"There used to be banks right on the border where people could just walk in over the border and walk back to Mexico, but that's over now," Hernandez said. He added Citibank, Bank of America and others shut many branches. Rabobank, under pressure from a laundering investigation, also closed its Colexico, Calif., branch in January 2015.

Big-bank preparations
While small lenders fret, big ones are reducing their Mexican presence.

"In 2014, exposure to Mexico was about 3.5% and now is 2.5%," said Standard & Poor's research manager Neil Powell, who included 11 U.S. banks with more than $1 billion of assets in Mexico to tally the statistics.

Citigroup has withdrawn the most, slashing its exposure 9% in the 12 months leading to September 2016, the latest available data, according to Powell.

This is despite repeated assurances that it continues to invest in its troubled Mexican unit Citibanamex and has no plans to sell it.

Citi has $65.8 billion in exposure to Mexico, followed by HSBC North America with $5.5 billion, Powell said.

American Express has $2.2 billion while, Mizuho Americas holds $600 million of so-called outstanding claims, including interest and non-interest-bearing loans, deposits, securities, subsidiary investments and derivatives, Powell said.

The U.S. arm of the Spanish bank Santander also has $310 million, while BAC Florida, belonging to Costa Rica’s BAC Credomatic, has $137 million.

If trade relations deteriorate further, the trend will accelerate, analysts said.

However, Citigroup and the other big banks could weather the storm as their Mexican operations account for a small piece of their global banking operations.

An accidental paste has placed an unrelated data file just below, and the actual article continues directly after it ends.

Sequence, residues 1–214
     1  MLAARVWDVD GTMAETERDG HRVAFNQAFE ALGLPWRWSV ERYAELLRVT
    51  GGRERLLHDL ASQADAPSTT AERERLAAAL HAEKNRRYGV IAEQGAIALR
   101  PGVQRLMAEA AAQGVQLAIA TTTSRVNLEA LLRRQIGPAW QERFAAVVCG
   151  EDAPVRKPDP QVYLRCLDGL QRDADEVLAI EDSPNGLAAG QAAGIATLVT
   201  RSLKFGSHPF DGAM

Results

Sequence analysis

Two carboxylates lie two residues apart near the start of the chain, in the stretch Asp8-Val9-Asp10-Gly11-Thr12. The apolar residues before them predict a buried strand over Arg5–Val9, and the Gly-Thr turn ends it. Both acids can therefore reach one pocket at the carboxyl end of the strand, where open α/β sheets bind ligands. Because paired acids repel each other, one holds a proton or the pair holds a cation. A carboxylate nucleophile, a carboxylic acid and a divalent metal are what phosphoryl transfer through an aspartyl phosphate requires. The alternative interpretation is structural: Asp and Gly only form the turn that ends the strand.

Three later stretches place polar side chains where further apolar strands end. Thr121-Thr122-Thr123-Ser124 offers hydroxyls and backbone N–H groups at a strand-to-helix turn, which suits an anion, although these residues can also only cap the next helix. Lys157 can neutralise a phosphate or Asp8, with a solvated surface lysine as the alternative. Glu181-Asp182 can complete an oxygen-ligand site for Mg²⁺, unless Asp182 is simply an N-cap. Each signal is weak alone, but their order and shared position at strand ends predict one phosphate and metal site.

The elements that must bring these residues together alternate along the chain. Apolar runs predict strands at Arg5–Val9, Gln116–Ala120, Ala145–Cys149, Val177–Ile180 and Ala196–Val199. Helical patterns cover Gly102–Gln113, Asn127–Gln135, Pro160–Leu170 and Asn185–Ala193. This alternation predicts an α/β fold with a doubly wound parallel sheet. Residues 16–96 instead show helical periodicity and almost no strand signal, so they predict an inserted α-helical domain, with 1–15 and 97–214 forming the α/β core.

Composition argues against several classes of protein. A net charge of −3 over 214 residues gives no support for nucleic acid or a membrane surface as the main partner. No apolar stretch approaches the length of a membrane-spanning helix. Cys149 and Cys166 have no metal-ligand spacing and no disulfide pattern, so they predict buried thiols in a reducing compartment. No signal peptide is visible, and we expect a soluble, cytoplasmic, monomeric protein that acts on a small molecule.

"While Citi has the most exposure, at the end of the day, $66 billion of $2 trillion in assets is a small percentage of the business," Powell said.

Optimistic voices
Some analysts said Trump jitters are being overhyped.

"There is a commercial war risk, but I don't see it that possible," said Enrique Mendoza, an analyst with the brokerage Actinver.

He said U.S. banks likely have enough collateral (through inventory or real estate assets) to survive a more turbulent trade scenario. And even if defaults increase rapidly, they could accelerate provisions, sell bad debts in the secondary market, strike debt-for-equity swaps or merge with rivals.

U.S. banks, which have cut their correspondent and other financing lines to Mexican counterparts, will closely monitor the performance of banks linked to export manufacturers, or maquiladoras, Mendoza said.

Three such banks are Inbursa, owned by the Mexican billionaire Carlos Slim, which has a 6% exposure to maquiladoras, and Banco del Bajio and Investabank, which also hold big credits with these firms.

Lester Parker, the CEO of United Bank of El Paso del Norte, predicted reason will prevail. The likelihood of a trade war "is very remote," he said.

"Mexico and Canada are our principal trading partners and we would be cutting off our nose if we did" start a trade war, Parker said.

White House National Economic Council Director Peter Navarro this week said he wants the U.S., Canada and Mexico to create a regional "manufacturing powerhouse."

To forge it, stricter rule-of-origin regulations will be needed to force the three partners to source more manufacturing raw-materials from each other and ban such purchases from Asian and other rivals, he said.